Orthogonal transform encoding is also known wherein the picture element signals are transformed into orthogonal transform coefficients. The orthogonal transform coefficients may be recognized as frequency representations of the picture element signals between a high order or high frequency component and a low order or low frequency component. Such orthogonal transform serves to reduce energy of the high frequency component and can effectively encode the picture element signals so as to compress redundancy. With this orthogonal transform encoding, the moving image can not be encoded with a high efficiency because of such a drastical variation.

Alternatively, consideration has been directed to a method which carries out predictive encoding and orthogonal transform of a prediction error signal obtained by the predictive encoding and which will be called hybrid encoding or a hybrid method. However, various kinds of parameters must be selected and controlled so as to adaptively encode the moving image which is produced as the picture element signals accompanying the drastical variation. No disclosure has been made about a relationship among such parameters and about controlling them at all. In addition, troublesome control might be required, even if such parameters would be considered. Moreover, transmission must be carried out about a species and a change of the parameters used in encoding the moving image. This might result in an increase of an amount of information transmitted from such an encoder to a decoder.

In an article contributed by Wen-Hsiung Chen et al to "IEEE Transactions on Communications" (Vol. COM-25, No. 11, November 1977, pages 1285-1292) and entitled "Adaptive Coding of Images," a Cosine tranform adaptive coding system is disclosed wherein a sequence of digitized image signals is classified into groups by monitoring ac energy of sub-blocks. Quantization and coding might be carried out in consideration of the classification. However, no suggestion is made about selecting a sequence of transmission codes in relation to the classification.

SUMMARY OF THE INVENTION

It is an object of this invention to provide an encoder which carries out hybrid encoding of a moving image and which is capable of faithfully encoding the moving image even when a drastical variation takes place in the dynamic image of the moving signal.

It is another object of this invention to provide an encoder of the type described, which can adaptively encode the moving image by selecting a single parameter which is necessary for the hybrid encoding.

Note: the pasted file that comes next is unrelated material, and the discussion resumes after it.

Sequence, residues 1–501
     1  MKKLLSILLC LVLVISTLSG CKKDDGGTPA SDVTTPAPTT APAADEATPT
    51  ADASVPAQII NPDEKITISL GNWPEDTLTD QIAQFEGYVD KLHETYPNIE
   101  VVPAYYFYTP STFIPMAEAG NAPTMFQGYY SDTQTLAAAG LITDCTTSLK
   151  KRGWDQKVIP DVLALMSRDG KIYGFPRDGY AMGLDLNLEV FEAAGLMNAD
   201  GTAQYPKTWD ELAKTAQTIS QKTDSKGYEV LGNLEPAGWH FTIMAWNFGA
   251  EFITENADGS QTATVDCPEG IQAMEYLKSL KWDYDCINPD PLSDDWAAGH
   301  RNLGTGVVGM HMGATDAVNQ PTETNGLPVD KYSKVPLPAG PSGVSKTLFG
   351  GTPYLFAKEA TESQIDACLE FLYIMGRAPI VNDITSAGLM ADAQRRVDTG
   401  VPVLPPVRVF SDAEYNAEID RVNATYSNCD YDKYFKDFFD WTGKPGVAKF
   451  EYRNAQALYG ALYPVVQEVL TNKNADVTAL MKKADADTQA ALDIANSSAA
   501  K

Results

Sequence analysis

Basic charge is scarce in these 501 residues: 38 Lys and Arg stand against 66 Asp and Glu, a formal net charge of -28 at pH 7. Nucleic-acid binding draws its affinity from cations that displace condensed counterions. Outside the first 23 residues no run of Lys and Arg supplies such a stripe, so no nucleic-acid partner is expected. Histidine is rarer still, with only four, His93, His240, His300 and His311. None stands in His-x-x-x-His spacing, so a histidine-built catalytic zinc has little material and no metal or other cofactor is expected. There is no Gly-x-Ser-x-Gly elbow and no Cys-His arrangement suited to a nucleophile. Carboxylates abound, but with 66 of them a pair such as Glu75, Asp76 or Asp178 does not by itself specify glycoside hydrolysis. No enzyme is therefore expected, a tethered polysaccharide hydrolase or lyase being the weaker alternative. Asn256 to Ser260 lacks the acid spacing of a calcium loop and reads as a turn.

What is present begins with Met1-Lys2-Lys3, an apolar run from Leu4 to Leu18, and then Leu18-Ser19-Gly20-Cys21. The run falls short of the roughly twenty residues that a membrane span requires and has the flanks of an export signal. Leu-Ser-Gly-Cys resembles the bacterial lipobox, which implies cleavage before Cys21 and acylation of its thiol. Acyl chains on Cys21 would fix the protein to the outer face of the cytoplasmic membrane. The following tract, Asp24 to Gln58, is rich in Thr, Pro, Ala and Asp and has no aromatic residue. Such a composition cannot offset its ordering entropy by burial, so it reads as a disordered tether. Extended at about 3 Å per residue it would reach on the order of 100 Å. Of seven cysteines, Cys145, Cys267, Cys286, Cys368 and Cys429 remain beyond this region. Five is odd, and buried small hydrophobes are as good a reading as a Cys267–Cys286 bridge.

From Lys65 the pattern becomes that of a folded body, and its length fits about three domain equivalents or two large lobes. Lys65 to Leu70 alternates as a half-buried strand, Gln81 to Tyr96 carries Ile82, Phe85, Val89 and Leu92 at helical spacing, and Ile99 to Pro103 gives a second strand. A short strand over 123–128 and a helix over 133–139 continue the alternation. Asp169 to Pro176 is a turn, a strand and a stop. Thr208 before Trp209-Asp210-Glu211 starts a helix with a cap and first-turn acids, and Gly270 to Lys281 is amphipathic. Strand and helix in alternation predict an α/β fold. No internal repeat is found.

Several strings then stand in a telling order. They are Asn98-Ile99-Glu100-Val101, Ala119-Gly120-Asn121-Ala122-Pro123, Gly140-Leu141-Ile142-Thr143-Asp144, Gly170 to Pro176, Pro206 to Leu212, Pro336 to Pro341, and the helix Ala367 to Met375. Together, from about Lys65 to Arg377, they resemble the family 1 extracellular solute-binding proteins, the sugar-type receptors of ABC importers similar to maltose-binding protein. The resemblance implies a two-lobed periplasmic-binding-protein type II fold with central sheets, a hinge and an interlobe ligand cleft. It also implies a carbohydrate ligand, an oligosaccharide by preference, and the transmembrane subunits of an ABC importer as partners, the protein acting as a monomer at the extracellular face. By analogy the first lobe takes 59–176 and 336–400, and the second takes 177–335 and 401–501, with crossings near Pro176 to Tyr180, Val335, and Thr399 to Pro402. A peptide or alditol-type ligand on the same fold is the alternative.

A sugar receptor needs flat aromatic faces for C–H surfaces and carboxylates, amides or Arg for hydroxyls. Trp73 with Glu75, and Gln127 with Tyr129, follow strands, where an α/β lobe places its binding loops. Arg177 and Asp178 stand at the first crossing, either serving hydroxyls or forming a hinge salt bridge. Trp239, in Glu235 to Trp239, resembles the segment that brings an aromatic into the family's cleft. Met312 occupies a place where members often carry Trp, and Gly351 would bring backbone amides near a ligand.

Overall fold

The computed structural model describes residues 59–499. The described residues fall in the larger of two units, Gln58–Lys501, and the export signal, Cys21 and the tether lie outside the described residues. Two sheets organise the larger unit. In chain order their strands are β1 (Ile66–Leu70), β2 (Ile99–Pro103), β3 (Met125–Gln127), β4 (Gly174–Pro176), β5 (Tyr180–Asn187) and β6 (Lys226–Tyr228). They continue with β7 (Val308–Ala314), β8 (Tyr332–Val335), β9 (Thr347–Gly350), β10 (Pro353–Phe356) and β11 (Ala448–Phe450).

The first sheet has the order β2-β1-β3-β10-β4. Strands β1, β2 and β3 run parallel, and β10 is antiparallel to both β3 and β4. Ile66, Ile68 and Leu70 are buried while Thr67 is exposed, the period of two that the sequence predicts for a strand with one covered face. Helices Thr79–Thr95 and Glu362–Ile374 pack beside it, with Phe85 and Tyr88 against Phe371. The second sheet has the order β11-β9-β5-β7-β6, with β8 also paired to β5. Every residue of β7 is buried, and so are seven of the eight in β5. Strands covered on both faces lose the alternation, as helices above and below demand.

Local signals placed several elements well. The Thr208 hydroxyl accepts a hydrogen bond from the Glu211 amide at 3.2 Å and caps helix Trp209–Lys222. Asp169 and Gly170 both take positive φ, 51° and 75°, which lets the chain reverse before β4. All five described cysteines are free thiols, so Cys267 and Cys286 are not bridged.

It is a further object of this invention to provide an encoder of the type described, whose operations can effectively be led by such a single parameter without any troublesome control.

It is another object of this invention to provide an encoder of the type described, which minimizes an increase of an amount of information transmitted from the encoder.

An encoder to which this invention is applicable is for use in encoding a moving image into a sequence of encoded image codes in response to a sequence of coefficient blocks. Each coefficient block is composed of a plurality of orthogonal transform coefficients resulting from orthogonal transform of predictive error signals which are produced by predictively coding a plurality of picture elements of the moving image at every picture block. The encoder comprises a quantization unit having a plurality of quantization characteristics, a code conversion unit having a plurality of code conversion characteristics, and a coefficient selection unit having a plurality of coefficient selection characteristics. Each of the coefficient blocks is processed through the quantization unit, the code conversion unit, and the coefficient selection unit into the encoded image codes by selecting the quantization characteristics, the code conversion characteristics, and the coefficient selection characteristics. According to this invention, the encoder comprises classifying means responsive to the coefficient blocks for classifying each of the coefficient blocks into a selected one of statistically determined classes with reference to the orthogonal transform coefficients included in each of the coefficient block, to produce a control signal representative of the selected one of the classes, and delivering means for delivering the control signal to at least two of the quantization unit, the code conversion unit, and the coefficient selection unit to select at least two of the quantization characteristics, the code conversion characteristics, and the coefficient selection characteristics.

BRIEF DESCRIPTION OF THE DRAWING

FIG. 1 shows a block diagram of an encoder according to a first embodiment of this invention;

FIGS. 2(a) through 2(d) show energy distributions of orthogonal transform coefficients;

FIG. 3 shows a view for use in describing predictive encoding;

FIGS. 4(a) through (d) show graphical representations for use in describing a relationship between the energy distributions and signal level distributions;

FIGS. 5(a) and (b) show views for use in describing calculation carried out on classification of each coefficient block;

FIG. 6 shows a view for use in describing another method of classifying each coefficient block;

FIGS. 7(a) through (d) show views for use in describing patterns used in specifying sixteen classes;